When we return home: “Nico, you ungrateful child!” My stepmom. She hates me just as much as I hate her if that's possible. As I turn to look at her I feel a sharp pain across my face. She slapped me; she really slapped me. 

     “You're an adult now so don’t expect to stay with me anymore. Your father is dead and you are no longer my responsibility.”

     I heard a faint whisper in my head, telling me she was lying but it’s not like I remember him in any way. Around age fourteen is when I can start to piece things together, but I still can’t recall the memories with my father. Because he was always at work, I became a slave to my stepmom. I was forced to do all things thinkable and, yes, I mean all things. Even though I’ve blocked it mentally, the pain lingers physically throughout my body.

     I could only manage to say, “I don’t plan on staying with you, you pathetic excuse of a living thing. I already have an apartment ready. I just need my stuff.” 

    “There better be no sign of you when I get back!” was the last thing she said to me before slamming the door behind her.

     Stumbling through the horror house, I grabbed anything I could, ending up with five boxes. I got out of there as fast as I could; my new apartment was all the way across town. I hopped into my two-door truck that rust has taken over. Neither my father nor my stepmother would agree to buy me one, so I got my own. It’s not much but it gets me where I need to go. I sped across town, arriving at my apartment about forty-five minutes later. I look around at the place I call home. It isn’t much but it will suffice. As I think about all the events of the day I become angry, but it doesn’t feel like normal anger. It feels more like a burning flame of rage that’s going to take over. I can’t let my emotions show because if I do, he wins. A man I have no memory of—or even had the chance of knowing—hated me. I probably can’t even remember some of the really horrible stuff. The more I think about my father the more rage and built-up emotions start to take over, and I can slowly start to feel myself being pulled into the darkest recesses of my mind as a figure appears and makes himself known.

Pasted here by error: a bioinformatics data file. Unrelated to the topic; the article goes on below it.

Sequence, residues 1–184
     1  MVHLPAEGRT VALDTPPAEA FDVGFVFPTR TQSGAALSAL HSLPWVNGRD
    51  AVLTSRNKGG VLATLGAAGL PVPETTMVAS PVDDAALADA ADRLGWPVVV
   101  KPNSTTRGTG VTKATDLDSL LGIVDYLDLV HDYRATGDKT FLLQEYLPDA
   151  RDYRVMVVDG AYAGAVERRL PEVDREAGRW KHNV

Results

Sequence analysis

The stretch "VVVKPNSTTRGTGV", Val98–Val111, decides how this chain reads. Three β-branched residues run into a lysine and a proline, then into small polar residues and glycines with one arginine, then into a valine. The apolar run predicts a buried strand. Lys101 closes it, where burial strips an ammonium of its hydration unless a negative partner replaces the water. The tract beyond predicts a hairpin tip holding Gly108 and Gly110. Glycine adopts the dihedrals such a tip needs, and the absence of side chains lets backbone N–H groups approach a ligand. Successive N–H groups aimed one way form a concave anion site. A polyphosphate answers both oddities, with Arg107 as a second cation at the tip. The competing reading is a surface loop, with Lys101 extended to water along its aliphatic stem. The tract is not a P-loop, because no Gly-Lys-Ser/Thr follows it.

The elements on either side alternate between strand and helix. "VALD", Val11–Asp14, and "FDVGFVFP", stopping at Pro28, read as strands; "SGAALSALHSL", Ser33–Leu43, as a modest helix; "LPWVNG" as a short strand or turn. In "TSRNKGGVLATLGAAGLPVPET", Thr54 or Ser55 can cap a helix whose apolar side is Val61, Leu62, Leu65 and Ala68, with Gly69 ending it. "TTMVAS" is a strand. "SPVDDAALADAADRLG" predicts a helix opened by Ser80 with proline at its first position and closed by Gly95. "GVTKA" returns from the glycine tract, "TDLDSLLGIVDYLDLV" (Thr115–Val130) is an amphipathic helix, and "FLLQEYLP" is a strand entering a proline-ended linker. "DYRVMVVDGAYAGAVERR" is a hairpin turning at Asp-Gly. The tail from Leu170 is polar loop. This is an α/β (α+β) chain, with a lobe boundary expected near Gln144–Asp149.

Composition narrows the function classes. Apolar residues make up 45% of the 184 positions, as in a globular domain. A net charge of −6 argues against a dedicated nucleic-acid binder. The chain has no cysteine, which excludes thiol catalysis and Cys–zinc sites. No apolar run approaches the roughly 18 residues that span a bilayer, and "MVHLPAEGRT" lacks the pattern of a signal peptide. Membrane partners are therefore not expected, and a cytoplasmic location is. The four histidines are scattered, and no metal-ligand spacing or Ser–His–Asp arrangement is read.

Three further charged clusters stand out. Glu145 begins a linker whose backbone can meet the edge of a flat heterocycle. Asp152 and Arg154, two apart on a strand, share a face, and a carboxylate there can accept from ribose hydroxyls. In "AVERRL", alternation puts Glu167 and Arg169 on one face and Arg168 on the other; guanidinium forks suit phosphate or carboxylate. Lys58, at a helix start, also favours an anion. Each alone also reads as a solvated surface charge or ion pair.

Nothing about this feels normal or even remotely possible. I can feel myself being dragged slowly into my own mind as I hide from all the damage done. As I start to realize someone is present he steps into the light. Even though the light is faint I can see he isn’t human. This person is a shadow of himself; the dark aura and shredded cloak he wears floats around him, consuming him. The hood of his cloak is like a possessed wind commanded to stay in place to shield his identity, although his icy, blue eyes are still visible. His voice sounds like he is swallowing shards of glass—like he hasn’t spoken in years—and it makes me shudder. The cold coming from his mouth turns the room to ice, and as I look around me I realize I am no longer earthbound. This is my mind. This was where I went when I was a child to hide from the horrifying man I called father. I made it and named it Shadows to protect me and hide me from him when he became overwhelmed with rage. Here, he couldn’t hurt me. I could not feel anything he was doing or hear anything he was saying, almost like someone else was taking my pain. 

     I quickly remembered I wasn’t alone. 

     “I have been patiently waiting for this day, the day you would crumble under the rage and relinquish the connection to the body,” he whispered through the chards of glass. 

     “W-who a-a-are y-y-y-you, a-and w-w-where a-a-am I-i-i?” my voice trembled.

Hailey Weeks and Sophie Keen